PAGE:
“The first time I watched it (the UFC 214 promo), I was uncomfortable because it showed me talking in 2011, saying how I would never want to do something that would harm the image of the sport,” Jones said on a UFC 214 conference call. “That was genuine. I never intended on having an image of being the bad guy. I really didn’t. Somewhere along the way, though, I got lost. I got caught up in my own sh*t. I started having fun and partying – and still winning. I just took it all for granted. Genuinely, I really wanted to be an inspiration to other people and be a role model.

“But it’s all out there in the public now,” Jones continued, “and that’s a freeing feeling to be looked at as a piece of shit by so many people, and to be able to just be real and take responsibility for the things you’ve done wrong. I feel so free, man. It’s a great feeling to be who I am. Jon Jones, the f**k up. Jon Jones, the great. However, you look at me, it’s just great to be me. Alive. Whether you like me or hate me, it’s just a great feeling to be relevant.”

F**k up or great, loved or hated, Jones, for all his past mistakes, is at least real now. The gloss and the concealer has all gone. Scrubbed away, it’s made way for something more relatable, more human. The super talent, the man for so long deemed superhuman, got his comeuppance. He was humbled. Moreover, this twist has inadvertently recast Jones as the antithesis of Cormier – the happy-go-lucky, forever grinning, family man – and a man of whom excitement and controversy is expected. We had it for years with Jones inside the Octagon, of course, but now we have it in every interview and at every press conference, too. We have it every day. There’s an energy to him he once lacked; bland and preordained answers have made way for a shoot-from-the-hip mentality that has his legion of PR goons quivering in their boots and smiling the smile of people who have no idea what their ‘client’ is about to come out with next.

So that’s good. For us, at least. It’s good for us.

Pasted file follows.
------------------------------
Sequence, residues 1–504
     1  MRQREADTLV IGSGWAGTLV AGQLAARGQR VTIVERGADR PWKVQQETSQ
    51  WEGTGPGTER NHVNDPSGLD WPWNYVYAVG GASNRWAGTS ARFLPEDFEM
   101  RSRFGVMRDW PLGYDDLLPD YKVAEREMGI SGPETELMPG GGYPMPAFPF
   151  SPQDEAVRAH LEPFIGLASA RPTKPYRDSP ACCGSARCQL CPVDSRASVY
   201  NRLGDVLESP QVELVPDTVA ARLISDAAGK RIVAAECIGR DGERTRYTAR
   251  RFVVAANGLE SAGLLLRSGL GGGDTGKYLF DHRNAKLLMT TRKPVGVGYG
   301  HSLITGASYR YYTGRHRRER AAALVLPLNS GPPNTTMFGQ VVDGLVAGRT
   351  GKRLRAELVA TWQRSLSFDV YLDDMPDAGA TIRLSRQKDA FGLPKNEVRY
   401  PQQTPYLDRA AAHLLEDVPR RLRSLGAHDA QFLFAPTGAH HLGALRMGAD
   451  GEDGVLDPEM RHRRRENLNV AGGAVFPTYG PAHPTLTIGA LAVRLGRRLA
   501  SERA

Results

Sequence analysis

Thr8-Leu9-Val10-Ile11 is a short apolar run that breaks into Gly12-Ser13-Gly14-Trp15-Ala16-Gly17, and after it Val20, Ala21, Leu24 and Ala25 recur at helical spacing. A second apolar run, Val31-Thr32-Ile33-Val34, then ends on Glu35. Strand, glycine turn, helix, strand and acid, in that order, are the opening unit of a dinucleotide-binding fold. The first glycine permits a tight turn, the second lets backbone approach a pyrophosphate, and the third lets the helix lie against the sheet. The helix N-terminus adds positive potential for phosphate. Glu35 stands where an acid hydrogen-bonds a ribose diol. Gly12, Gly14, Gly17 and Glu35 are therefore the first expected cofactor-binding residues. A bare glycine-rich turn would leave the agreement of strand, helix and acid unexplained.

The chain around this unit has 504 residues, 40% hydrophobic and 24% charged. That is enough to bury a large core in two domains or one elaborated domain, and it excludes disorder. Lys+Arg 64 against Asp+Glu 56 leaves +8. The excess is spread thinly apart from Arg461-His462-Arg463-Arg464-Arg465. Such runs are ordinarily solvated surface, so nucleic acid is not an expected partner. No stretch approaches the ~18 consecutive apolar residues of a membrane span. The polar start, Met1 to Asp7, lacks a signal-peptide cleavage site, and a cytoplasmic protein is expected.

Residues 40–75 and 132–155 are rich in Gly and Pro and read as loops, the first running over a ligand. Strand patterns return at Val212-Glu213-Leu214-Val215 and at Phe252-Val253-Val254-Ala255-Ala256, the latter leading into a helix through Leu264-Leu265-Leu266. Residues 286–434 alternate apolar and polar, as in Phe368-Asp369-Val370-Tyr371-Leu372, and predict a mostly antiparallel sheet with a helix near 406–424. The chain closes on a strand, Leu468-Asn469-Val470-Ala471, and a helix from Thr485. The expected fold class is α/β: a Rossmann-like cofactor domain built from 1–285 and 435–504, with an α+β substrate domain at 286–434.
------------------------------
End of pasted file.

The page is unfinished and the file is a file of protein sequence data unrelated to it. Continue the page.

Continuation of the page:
Another thing that is good about The New Jon Jones is the fact he is still effectively unbeaten – let’s look past a DQ loss to Matt Hamill in 2009 – and therefore still carries the swagger of someone who knows he’s the baddest man on the planet. That, no matter how many personal life faux pas he makes, counts for something. It ensures he remains a tough proposition for anyone unfortunate enough to fight him. Better yet, it ensures he maintains his air of invincibility, something that has followed him throughout a a mixed martial arts career that stretches back to April 2008. Because here’s the truth: Jon Jones, now 30, is a phenomenal fighter. You know it, I know it, we all know it. Even Daniel Cormier, someone who hates Jones perhaps more than anyone, knows it. Hate the person, respect the fighter. It’s become something of a mantra for Cormier, and many others, throughout the latest episode of this long-running soap opera.



“I do respect him as a fighter,” DC told Fighters Only. “How can you not? He’s done a lot of things in his career. But there are a few things on the opposite end that I really don’t respect all that much. Even Jon says it at times: ‘This is not my personal life.’ You know what? He’s right. So, whatever. I just want to beat him.”

Asked if a two-and-a-half year layoff might hamper Jones on Saturday, Cormier shook is head. He was adamant. “I think the guy is so talented that it won’t make that much of a difference,” he said. “I think he’s so talented, he’ll be fine. But there will be a few things. I think he’ll be okay, though. He’s a talented guy.”

The air of invincibility remains, then, if not much else.

The weaknesses of Jon Jones, outside the Octagon, are by now public knowledge. His buttons are easily pressed. His pressure points easily triggered. But it’s inside the Octagon where he remains an enigma and where his character still has room to grow. It’s there he remains dominant and brilliant and frightening. It’s there his rep is squeaky clean. Check his Octagon rap sheet: a DQ loss to Matt Hamill, an arm-bar attempt by Vitor Belfort, a competitive slugfest with Alexander Gustafsson and a lacklustre decision win over Ovince Saint Preux. That’s it. The rest? Pretty much perfect.

In the Octagon, his world, Jon Jones is a model citizen.